Dec 272021

For an action movie, Matrix Resurrections is OK. For a movie about making a Matrix movie in 2021, and thus a deeper reflection on reaching the mid-point of one’s life, it is complete perfection. First part of this post is about the action movie, and is spoiler-safe. Second part is about the deeper meaninglessness of life and aging, and is full of all the spoilers.

Importantly, this post assumes that Lana Wachowski is the primary creative force behind all major decisions in the movie.

I. Matrix Resurrections as an Action Movie

Well, it’s better than the second Matrix movie (Matrix Reloaded), which isn’t saying much, because that movie was bad.

Resurrections is overly self-indulgent, just like Reloaded. It is trying to say something, trying to push a philosophical thesis, but it doesn’t really know how to do that. It can’t find a way to integrate whatever it’s trying to say with the narrative of the story and the action sequences that derive from it. There are several disconnected musings that the dialog fumbles through before cutting to action scenes. It’s not nearly as bad as Reloaded in this regard, because it switches to a simpler theme after a while, but this is still unfortunate.

The action itself isn’t very gripping. With a couple exceptions, there are rarely any meaningful stakes. The beautiful gunplay is mostly missing. It feels like most of the actions scenes are there because Lana thinks the audience expects them, rather than due to a love of the action itself and a desire to make it come to life. In this respect, it’s actually worse than Reloaded, since Reloaded still had a passion for beautiful violence.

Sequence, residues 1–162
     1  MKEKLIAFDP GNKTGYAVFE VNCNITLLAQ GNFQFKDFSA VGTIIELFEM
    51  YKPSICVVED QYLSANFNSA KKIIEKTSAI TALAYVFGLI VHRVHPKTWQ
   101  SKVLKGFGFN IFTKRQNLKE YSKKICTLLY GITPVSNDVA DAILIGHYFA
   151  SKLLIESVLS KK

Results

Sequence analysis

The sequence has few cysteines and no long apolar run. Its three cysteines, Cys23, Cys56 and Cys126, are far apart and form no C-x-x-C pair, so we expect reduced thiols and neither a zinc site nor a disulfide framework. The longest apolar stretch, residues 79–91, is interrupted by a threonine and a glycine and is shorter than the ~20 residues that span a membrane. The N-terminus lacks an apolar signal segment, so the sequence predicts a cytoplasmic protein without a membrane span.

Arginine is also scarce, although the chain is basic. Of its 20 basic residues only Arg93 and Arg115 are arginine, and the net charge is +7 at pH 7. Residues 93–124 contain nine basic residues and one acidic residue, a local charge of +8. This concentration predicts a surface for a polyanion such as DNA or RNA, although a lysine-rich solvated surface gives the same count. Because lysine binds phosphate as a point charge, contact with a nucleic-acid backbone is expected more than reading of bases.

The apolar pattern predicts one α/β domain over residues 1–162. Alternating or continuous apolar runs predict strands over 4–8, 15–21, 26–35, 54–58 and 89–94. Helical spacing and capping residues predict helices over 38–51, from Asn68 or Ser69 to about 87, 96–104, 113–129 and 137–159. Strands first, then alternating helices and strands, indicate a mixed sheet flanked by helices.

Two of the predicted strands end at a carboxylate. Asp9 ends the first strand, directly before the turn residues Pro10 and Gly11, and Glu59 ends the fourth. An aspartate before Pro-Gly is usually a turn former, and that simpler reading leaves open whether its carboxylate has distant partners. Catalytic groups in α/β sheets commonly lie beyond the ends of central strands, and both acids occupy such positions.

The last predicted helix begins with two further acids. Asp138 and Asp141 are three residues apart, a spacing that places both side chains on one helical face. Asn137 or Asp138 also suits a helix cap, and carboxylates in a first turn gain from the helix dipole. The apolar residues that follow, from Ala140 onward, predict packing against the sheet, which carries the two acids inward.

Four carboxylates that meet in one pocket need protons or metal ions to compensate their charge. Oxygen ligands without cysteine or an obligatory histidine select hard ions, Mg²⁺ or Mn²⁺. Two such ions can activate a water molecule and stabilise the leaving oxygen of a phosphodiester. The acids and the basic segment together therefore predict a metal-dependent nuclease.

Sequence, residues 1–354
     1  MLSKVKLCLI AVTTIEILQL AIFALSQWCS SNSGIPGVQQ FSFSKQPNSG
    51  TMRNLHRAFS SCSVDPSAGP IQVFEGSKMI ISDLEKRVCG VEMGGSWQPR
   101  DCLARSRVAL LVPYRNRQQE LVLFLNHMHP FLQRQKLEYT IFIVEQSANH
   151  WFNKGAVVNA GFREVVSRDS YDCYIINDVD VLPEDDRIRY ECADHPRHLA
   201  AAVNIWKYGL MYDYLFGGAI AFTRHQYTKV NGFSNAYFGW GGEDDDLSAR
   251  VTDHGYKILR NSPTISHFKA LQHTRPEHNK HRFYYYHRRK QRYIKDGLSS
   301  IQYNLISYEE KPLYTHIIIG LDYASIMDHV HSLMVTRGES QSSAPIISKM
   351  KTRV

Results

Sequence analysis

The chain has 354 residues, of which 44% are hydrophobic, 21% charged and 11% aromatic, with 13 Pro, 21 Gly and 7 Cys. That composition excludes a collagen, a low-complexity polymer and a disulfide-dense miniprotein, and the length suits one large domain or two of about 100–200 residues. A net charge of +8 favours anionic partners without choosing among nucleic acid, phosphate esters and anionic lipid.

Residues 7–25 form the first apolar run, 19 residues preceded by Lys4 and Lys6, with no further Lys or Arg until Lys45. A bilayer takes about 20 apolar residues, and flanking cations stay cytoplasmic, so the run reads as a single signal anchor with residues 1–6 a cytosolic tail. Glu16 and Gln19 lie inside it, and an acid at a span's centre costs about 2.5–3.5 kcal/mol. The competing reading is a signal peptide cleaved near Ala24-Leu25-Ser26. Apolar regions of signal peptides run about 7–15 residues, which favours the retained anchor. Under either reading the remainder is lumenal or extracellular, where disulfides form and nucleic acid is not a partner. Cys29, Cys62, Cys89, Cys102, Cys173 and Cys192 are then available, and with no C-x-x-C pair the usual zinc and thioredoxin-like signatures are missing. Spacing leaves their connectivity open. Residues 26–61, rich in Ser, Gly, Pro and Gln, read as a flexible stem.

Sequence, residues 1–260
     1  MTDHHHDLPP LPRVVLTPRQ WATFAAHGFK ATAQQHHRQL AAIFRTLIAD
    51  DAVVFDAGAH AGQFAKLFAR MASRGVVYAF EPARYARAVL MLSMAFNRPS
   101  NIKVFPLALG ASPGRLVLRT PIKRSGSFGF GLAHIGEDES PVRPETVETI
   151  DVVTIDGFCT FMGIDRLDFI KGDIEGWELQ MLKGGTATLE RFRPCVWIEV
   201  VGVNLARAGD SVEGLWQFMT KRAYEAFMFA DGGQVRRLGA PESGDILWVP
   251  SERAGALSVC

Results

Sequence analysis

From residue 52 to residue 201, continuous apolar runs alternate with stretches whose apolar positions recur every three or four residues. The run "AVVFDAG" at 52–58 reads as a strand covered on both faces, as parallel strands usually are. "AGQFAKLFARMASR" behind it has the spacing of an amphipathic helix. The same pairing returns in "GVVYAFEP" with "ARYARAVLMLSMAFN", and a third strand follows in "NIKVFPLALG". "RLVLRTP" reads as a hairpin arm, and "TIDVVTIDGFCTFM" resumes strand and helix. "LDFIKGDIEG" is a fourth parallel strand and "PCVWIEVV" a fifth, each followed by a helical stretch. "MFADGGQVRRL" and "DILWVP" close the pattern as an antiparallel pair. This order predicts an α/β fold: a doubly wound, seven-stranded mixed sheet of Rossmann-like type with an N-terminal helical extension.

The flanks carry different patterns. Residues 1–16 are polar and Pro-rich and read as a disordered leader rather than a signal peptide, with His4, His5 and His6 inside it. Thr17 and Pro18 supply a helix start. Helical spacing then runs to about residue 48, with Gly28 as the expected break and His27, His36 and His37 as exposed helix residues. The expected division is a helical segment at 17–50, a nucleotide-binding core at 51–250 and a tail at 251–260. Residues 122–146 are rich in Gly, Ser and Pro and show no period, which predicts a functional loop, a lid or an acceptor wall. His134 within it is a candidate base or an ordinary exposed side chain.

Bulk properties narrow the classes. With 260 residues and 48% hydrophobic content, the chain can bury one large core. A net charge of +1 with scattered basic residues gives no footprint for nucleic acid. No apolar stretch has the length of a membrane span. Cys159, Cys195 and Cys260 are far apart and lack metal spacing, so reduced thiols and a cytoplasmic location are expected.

On the other hand, the technology is 20 years more advanced, and everything looks fantastic. There are no more cardboard Smiths and Neos. The CGI is seamless, every frame is fully realistic, and what we see on screen looks like it was a perfect mirror of what Lana saw in her mind’s eye. In this regard, it’s far better than Reloaded, and not being taken out of the movie by horrible CG makes a huge difference.

The cast are also hugely talented. Everyone acts their heart out, and Neil Patrick Harris in particular steals every scene he’s in. He’s electric on screen, as good as Hugo Weaving in the first Matrix, and reminds us why having a good villain is so important.

Finally, the story comes to an emotionally satisfying conclusion, which flows from that simpler theme that was adopted. This was a huge relief. :)

So, purely on as action-movie, I did not regret seeing Matrix Resurrections. I wouldn’t recommend it on it’s action-movie merits to a someone who can only see 1-2 movies a month, but it’s alright.


II. Matrix Resurrections as an exploration on Mid Life Crisis

Full spoilers going forward!


1. The Set Up